The Los Angeles Times has joined the ranks of newspapers and magazines that have begun publishing expanded versions of popular articles as e-books. Today it released a 99-cent Kindle, Nook, and iBooks e-book called A Nightmare Made Real.
The book recounts the story of Las Vegas banker Louis Gonzalez III who was accused of kidnapping and raping the mother of his child, and the investigation his defense attorney and an investigator mounted to clear his name. It incorporates material from a two-part Los Angeles Times article, as well as expanded profiles of the people involved.
It’s not clear how long the e-book is; the Kindle e-book file is 155KB, so I’m guessing it might be around 60,000 to 80,000 words. Not a “full-length” work by any means, but for that sort of in-depth reporting a 99-cent price sounds just about right.
On Publishing Perspectives, Erin L. Cox wonders if newspapers publishing e-books based on their stories might somehow “thwart” book publishers, since a lot of non-fiction titles that end up with publishers originally started out as newspaper articles the way this one did.
I’m not sure I can really see it having that big of an impact, though; most of the “Kindle Single” style e-books (including the LA Times’s entry) are too short to be published as “real” books. And given the relatively small number of these e-books being published so far, compared to the total non-fiction output of the Big Six, I suspect they don’t have anything to worry about just yet.
I agree that this kind of book is not at all comparable to “real” books. However, this is yet another reading-offer to consumers not offered by traditional publishers – and it is a format/length that suits the mobility of e-readers just perfect. So even though the impact on the Big Six is limited so far – I agree – this is another “attack” that traditional publishers have to deal with. Very interesting!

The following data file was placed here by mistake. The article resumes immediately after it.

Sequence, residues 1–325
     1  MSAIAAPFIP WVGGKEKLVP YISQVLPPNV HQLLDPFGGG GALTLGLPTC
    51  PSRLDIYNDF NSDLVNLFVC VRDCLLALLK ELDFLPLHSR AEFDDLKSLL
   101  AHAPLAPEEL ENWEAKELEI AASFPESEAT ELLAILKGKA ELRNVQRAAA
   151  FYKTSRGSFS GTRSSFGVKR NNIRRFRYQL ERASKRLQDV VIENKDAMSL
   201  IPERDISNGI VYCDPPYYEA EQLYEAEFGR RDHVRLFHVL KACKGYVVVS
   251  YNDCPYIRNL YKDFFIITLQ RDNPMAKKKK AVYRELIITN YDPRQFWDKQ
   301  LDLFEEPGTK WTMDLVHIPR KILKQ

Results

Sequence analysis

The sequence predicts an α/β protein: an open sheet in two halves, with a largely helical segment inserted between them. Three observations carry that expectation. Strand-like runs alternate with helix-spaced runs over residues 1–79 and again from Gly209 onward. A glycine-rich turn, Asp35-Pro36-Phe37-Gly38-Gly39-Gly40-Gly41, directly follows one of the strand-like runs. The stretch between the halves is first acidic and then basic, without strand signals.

Well, a lot of current affairs books are little more than overly padded and fluffily-formatted to start with.
One (necessary) publishing format that traditional publishers have disposed of over the years is the pamphlet because it didn’t fit their economic model. Just as ebooks allow novels to grow as long as the story requires they also allow non-fiction reporting and essays to be only as long as the material requires.
Newspapers have long published special inserts and dedicated editions in times of critical events but they have been constrained by the economics of print and their self-imposed news cycle constraints. As they experiment with online and ebook publishing they’ll likelly find they’ve been leaving easy money on the table and that they should be doing more work on long-form reporting and on serially-updating news tracking via ebook/pamplets and dedicated online blogs that can then be condensed into updatable ebooks.
Newspapers have a lot of “overhead” that could be producing unique and monetizable content that isn’t being properly exploited past the daily news cycle. Eventually the ones that do figure it out will have a better chance at long term survival than the ones that choose to live or die with newsprint.